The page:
We encourage our customers to share their genetic information with their doctors, or a genetic counselor where appropriate. It can be a real teachable moment with regard to lifestyle management and healthy behaviors. In fact, we offer our customers information on how to seek genetic counseling if that’s a choice they make.
Q:How are you responding to the fears of the healthcare community and the public about DTC genetic testing?
Anytime you’re doing something new and innovative there are fears that arise. Some have cited concerns around whether or not consumers can understand and/or handle genetic testing information outside of a clinical setting. Recent studies have looked into consumer response to DTC genetic test results, however, and their findings suggest that it does not lead to inappropriate treatment or long-term psychological distress (Nature 2014;505:286–7 and J Med Genet 2013;50:393–400).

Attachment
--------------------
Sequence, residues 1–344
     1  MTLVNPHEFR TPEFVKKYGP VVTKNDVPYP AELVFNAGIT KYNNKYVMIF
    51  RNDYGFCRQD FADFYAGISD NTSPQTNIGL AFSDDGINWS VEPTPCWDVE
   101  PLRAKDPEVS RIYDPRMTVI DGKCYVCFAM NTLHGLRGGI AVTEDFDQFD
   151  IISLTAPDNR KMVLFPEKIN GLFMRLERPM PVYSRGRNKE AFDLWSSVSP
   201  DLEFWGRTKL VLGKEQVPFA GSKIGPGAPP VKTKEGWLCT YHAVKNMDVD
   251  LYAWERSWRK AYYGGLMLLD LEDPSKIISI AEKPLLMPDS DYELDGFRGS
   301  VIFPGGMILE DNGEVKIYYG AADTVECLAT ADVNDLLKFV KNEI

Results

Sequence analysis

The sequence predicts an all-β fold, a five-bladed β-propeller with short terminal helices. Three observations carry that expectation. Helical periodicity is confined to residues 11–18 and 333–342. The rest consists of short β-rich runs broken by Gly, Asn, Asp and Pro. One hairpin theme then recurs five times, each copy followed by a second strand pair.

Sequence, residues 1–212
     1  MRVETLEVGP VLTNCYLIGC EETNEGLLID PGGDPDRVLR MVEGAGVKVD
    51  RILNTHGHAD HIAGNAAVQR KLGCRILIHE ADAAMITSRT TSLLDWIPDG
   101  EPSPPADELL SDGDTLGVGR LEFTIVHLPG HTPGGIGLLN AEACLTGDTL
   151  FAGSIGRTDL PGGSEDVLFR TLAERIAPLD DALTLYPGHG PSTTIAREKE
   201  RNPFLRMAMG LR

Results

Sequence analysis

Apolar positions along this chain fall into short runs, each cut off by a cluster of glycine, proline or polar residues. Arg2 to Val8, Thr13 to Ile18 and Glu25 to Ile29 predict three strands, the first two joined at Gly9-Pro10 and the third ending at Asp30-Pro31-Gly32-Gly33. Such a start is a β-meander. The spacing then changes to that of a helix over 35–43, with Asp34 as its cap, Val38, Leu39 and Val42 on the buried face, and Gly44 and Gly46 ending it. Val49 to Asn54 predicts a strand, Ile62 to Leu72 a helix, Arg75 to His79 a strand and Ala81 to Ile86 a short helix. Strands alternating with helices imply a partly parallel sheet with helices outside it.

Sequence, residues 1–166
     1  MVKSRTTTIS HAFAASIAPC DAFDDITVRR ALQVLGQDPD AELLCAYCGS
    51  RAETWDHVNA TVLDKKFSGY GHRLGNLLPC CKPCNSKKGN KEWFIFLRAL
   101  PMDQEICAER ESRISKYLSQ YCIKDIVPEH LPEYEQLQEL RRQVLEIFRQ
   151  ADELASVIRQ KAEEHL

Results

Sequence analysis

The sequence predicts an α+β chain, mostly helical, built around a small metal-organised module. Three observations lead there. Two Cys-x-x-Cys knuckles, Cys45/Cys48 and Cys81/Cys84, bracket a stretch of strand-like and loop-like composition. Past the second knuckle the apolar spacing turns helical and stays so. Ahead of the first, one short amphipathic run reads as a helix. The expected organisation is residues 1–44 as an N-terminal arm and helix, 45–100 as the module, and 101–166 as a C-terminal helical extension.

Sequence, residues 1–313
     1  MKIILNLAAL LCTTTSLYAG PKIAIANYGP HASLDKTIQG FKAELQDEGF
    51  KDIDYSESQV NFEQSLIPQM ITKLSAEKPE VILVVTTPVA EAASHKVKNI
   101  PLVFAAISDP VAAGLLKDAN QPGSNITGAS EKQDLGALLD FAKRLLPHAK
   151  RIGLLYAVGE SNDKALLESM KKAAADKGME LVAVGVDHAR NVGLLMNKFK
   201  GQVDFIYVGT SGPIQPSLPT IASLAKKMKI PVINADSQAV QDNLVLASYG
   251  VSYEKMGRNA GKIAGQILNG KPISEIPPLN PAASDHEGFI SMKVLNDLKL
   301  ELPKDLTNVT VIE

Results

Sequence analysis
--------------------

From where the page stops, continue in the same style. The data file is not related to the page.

In our ongoing approach to health and trait reports, we have focused on genetic variants with well-established clinical validity and supported by substantial research. We have also consulted with a number of the most respected stakeholders in the scientific community and professional associations to ensure we are as well informed as possible and deliver an optimal service.
For example, we worked with FDA to ensure that the results of our Bloom syndrome carrier status test report meet the agency’s requirements to demonstrate accuracy, validity, and user comprehension. In a press release, FDA said, “This is the same approach the FDA has taken with other over-the-counter consumer products such as pregnancy, cholesterol, and HIV tests for home use.”
Q:Has 23andMe submitted more tests for FDA review since last year, when the company submitted a Bloom syndrome test to FDA for 510(k) review?
Since interactions with FDA are ongoing, we cannot discuss future submissions at this time. We are pleased that in February of this year FDA granted marketing authorization for 23andMe’s Bloom syndrome carrier status test report through the de novo pathway. In addition to the authorization to market the Bloom syndrome carrier status test report, FDA is also classifying autosomal recessive carrier screening tests as class II with the intention to exempt such carrier tests from FDA premarket review. Future submissions will be based in part on what we learned during the Bloom syndrome review process. We don’t have any specific timing for additional report submissions.